Calculating Startup Costs; Obama's Small-Biz PItch
BY Kasey Wehrum
How to calculate startup costs. The Wall Street Journal takes a page (literally) from its upcoming book, The Wall Street Journal Complete Small Business Guidebook to give some tips on how to estimate startup costs. The best mantra for this process? The more detail, the better. Start by brainstorming everything you'll need to start--from tangible goods to professional services--then attach prices. You'll need to divide things into one-time costs, like acquiring a permit, and an operating budget for the first six months or year. The article links to a worksheet and gives tips on how to estimate expenses like location, employees, and inventory. But the best advice comes from a University of Pennsylvania business professor who left academia to open up his own restaurant: "Figure out your start-up costs, then double that number. Then double it again. Only then will you have a realistic number."
The president makes his pitch to small businesses. Fresh off the disappointing news about Chicago's failed Olympic bid, President Obama is refocusing his efforts on his healthcare reform agenda, this time hoping to win small-business owners over to his side by selling them on the benefits of his plan. Bloomberg reports on the President's weekly radio address, in which he said he regularly hears from small-business owners who can't grow their companies due to high health-care costs and entrepreneurs who are reluctant to start new ventures because of health-insurance concerns. The Senate Finance Committee is set to vote on their version of the legislation this week.
Capitalizing on high unemployment rates. While an unemployment rate of 9.8 percent might spell trouble for many small businesses, some are viewing it as economic opportunity, the Chicago Tribune reports. Columnist Ann Meyers writes of two area businesses that have dived headfirst into the pool of unemployed workers with the notion that they will be able to hire for lower salaries and train at lower costs since many of those who have lost jobs are skilled laborers. One health-care firm, Extended Care Clinical in Evanston, Ill., has begun a recruiting committee to provide paid nursing education at colleges in a bid to lure new employees. Meanwhile, Chicago-based marketing firm Vodori has doubled its workforce to 23 in one year and plans to add three to five workers by the end of December. "This is a great time to go on the offense," said Michael Alter, president of SurePayroll. "If you're looking to staff up and hire ... you can get them for less money than you used to." Click here for more reasons why hiring during an economic downturn might benefit your company.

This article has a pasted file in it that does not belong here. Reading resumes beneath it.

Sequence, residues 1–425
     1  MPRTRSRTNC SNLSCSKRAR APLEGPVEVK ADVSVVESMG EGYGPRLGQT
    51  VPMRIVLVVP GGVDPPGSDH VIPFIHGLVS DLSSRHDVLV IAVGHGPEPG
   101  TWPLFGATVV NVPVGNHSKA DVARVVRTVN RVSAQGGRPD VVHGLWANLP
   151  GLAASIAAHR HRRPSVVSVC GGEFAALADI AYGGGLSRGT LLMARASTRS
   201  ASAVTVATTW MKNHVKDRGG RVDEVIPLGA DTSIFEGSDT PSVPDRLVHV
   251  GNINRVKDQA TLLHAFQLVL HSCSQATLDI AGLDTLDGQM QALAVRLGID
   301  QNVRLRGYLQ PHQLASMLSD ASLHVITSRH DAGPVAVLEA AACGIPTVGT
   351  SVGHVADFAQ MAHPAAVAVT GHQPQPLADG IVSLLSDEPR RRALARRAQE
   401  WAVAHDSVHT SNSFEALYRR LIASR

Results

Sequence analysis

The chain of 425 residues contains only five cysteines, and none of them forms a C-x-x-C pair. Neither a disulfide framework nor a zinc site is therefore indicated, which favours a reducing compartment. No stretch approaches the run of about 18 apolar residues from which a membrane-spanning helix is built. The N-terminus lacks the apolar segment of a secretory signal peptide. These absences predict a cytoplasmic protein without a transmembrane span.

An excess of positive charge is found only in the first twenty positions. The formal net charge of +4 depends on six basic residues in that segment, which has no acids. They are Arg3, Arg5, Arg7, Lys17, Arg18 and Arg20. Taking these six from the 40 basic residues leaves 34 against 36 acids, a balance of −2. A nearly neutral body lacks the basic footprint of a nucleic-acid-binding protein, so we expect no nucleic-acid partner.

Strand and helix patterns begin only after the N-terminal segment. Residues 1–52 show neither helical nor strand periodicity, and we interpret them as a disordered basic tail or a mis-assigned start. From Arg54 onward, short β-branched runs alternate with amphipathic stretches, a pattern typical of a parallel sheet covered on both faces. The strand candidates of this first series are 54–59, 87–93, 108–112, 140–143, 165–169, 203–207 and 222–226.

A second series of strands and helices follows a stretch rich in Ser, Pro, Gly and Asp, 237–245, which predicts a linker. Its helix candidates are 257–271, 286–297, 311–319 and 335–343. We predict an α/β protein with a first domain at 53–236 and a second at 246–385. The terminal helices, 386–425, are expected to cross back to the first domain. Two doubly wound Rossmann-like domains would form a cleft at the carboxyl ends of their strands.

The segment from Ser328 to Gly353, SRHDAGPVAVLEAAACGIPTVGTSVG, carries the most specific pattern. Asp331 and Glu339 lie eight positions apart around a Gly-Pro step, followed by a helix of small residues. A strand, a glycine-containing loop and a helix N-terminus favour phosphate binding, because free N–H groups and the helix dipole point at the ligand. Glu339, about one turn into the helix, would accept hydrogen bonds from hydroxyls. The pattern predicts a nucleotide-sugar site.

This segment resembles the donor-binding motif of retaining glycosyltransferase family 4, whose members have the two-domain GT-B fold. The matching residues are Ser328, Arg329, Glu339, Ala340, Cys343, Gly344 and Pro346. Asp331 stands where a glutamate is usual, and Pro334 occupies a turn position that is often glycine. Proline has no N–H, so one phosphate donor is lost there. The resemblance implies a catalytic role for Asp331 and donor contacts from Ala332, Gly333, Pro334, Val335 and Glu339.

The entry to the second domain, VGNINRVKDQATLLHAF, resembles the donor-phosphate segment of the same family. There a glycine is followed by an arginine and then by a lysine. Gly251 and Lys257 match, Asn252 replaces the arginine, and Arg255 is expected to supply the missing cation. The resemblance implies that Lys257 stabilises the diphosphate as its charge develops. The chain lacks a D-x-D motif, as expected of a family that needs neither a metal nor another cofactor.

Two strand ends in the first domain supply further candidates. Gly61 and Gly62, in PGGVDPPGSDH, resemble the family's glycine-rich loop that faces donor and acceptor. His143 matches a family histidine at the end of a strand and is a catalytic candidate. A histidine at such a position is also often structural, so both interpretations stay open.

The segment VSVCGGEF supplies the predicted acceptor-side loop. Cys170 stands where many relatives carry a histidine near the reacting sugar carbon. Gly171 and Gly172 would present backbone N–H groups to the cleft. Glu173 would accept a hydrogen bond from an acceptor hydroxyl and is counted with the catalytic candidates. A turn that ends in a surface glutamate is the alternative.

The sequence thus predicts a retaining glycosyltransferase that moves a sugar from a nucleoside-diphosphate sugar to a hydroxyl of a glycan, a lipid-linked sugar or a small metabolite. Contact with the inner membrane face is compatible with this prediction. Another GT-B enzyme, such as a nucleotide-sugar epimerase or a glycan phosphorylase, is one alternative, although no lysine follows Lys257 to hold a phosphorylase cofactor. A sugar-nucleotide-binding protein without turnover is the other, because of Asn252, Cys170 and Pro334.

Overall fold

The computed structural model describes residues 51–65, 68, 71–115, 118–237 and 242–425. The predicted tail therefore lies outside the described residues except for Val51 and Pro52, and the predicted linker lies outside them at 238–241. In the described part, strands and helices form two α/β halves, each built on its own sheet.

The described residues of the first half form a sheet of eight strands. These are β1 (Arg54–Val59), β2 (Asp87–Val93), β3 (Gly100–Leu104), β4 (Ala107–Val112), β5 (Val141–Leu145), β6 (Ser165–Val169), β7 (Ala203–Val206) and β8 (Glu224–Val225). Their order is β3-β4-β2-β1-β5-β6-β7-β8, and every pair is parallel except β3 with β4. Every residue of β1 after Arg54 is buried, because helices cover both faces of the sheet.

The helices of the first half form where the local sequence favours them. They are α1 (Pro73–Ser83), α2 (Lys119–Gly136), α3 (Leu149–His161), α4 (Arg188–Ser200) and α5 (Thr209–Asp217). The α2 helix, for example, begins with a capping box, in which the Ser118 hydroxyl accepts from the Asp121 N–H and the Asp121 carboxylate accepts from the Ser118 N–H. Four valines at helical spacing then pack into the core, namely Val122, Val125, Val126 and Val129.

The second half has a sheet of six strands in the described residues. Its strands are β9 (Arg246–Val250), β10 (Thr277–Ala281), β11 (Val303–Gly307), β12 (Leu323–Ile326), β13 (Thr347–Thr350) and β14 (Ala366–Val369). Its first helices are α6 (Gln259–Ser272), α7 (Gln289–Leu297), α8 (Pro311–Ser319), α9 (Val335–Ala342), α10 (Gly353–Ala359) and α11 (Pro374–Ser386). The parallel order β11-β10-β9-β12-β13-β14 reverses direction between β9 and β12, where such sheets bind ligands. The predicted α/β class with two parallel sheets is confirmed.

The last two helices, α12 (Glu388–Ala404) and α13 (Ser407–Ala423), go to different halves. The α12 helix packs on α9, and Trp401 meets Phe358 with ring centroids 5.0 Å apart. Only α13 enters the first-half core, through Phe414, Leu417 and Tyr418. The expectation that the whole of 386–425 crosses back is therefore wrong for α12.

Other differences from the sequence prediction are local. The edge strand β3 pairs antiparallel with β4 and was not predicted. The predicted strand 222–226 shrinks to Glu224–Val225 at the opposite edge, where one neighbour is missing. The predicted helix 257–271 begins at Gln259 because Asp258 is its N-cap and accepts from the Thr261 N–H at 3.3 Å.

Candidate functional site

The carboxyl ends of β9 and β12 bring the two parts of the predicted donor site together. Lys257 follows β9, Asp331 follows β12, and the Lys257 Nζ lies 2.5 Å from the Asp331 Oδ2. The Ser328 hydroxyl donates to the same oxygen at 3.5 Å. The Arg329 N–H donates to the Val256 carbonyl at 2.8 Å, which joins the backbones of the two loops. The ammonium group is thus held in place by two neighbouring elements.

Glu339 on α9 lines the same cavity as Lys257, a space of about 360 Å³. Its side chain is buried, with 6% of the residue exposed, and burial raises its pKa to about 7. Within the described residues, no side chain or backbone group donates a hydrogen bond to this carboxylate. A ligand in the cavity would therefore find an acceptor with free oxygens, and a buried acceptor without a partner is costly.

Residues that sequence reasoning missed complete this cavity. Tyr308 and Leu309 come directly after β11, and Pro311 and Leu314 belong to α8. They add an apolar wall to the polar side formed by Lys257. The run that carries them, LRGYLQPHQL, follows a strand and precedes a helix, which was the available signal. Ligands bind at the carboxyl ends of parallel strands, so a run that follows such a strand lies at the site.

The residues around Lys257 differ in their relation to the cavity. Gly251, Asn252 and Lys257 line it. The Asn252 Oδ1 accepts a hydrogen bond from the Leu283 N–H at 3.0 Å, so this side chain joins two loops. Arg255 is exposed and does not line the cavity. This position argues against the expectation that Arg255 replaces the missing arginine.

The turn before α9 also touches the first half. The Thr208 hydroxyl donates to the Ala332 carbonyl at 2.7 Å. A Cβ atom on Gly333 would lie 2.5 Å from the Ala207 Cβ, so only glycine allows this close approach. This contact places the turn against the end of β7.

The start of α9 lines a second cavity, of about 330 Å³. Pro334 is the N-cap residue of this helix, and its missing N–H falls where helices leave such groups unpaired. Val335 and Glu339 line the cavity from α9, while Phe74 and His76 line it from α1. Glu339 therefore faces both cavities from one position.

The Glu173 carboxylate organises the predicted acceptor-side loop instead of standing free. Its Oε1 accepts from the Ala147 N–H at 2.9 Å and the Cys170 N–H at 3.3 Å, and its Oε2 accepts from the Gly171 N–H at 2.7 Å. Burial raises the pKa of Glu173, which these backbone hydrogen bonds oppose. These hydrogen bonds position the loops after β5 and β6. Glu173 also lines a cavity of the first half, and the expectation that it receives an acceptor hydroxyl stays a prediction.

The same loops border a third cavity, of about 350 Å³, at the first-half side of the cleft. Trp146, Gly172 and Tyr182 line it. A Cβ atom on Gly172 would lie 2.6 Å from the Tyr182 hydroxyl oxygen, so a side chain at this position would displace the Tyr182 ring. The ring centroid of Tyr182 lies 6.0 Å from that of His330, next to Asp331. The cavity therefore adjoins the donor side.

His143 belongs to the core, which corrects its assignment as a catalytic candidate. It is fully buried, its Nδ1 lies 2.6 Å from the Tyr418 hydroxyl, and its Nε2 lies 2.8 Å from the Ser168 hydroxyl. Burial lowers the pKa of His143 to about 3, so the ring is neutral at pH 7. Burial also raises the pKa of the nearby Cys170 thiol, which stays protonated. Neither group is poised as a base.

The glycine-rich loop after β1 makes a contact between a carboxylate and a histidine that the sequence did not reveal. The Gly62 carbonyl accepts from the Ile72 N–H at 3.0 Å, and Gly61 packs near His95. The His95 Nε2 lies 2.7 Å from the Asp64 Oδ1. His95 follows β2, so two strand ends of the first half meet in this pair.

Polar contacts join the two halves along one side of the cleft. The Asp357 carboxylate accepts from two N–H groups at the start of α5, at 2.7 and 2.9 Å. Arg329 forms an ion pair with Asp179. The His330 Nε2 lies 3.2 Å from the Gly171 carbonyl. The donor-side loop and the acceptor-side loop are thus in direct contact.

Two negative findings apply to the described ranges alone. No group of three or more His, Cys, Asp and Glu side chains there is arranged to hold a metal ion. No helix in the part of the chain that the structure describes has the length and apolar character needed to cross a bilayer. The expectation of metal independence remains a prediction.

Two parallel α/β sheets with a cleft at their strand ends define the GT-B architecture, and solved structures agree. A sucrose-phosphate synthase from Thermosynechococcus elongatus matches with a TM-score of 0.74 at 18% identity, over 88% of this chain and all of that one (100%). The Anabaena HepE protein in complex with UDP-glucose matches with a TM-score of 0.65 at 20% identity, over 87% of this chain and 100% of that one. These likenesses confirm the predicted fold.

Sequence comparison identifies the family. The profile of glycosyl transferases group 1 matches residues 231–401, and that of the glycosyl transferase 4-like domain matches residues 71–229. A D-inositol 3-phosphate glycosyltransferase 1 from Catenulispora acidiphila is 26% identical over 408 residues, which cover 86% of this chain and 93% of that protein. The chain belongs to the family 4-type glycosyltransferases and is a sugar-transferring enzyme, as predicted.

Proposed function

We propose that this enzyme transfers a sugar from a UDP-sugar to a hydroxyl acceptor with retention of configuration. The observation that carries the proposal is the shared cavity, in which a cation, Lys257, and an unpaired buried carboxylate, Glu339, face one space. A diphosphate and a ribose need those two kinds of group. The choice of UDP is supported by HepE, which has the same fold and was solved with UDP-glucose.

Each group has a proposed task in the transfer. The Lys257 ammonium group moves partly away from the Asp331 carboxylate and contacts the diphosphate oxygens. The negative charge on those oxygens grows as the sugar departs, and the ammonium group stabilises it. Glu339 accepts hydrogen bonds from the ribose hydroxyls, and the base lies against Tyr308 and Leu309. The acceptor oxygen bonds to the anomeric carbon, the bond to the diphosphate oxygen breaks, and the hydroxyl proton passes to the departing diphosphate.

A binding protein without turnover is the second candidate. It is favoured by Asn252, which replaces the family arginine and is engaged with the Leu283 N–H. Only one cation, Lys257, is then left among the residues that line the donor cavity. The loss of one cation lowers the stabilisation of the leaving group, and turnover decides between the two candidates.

Can old media save new media? Given today's news that publishing stalwart Conde Nast is closing four magazines, that prospect seems unlikely. But Fred Wilson flags a story in the New York Times that challenges conventional assumptions about the relationship between traditional newspapers and upstart websites. The Times reports that blog network Curbed is outsourcing its local ad sales to dead tree newspaper the Village Voice. Wilson explains: "Traditional local media companies; radio stations, TV stations, local newspapers, and the like, are in a tough situation. Each of those businesses had a monopoly or near monopoly on their audiences a decade ago. Now none of them do," he writes. "But there is one asset that is still quite significant and the value of it is growing, not shrinking. It is their large, well trained, and well connected salesforces."
The cellphone: an evolution in pictures.PC World takes a look at the history of cellphones--from 88-pound MTA phones that were so heavy and power-hungry they needed to be installed in a vehicle, to the iPhone, a smartphone that finally realized the dream of a computer in our back pocket.
Will Comcast fence Hulu behind a pay wall? Cable companies are up in arms about Hulu, the free online video site backed by a partnership of NBC, Fox, and Disney, but cable giant Comcast does not intend to sit idly on the sidelines. The cable company is in talks with NBC about forming a new company that would own 30 percent of Hulu, according to the LA Times. Given Comcast's well known sentiments about Hulu serving up free content, this stake in the company could give them the muscle to try to change Hulu's business model. Making people pay for content seems to be working for the Wall Street Journal but it remains to be seen if it will work for shows like "It's Always Sunny in Philadelphia."
The business of making history. Today's Washington Post has an interesting profile of one D.C.-area business that has made documenting corporate history into a successful business of its own. The History Factory's team of historians, archivists, curators and designers dig deep in a company's archives to create exhibits, build Web sites, make films, and write books, all for a price tag that ranges from $50,000 to $1 million depending on the project. For example, Brooks Brothers hired the History Factory to produce a book to commemorate the clothier's 175 anniversary and Shell Oil commissioned them to design a museum for the company offices in Houston. Proof that those who don't remember their past are destined to pay someone else to do it for them.
Staff editor KASEY WEHRUM has written for Inc. magazine on subjects ranging from the businesses behind professional bull riding to gadget inventor and father of the infomercial, Ron Popeil. His work has appeared in the New York Times, Worth, Budget Travel, and on MSNBC.com. He lives in Brooklyn.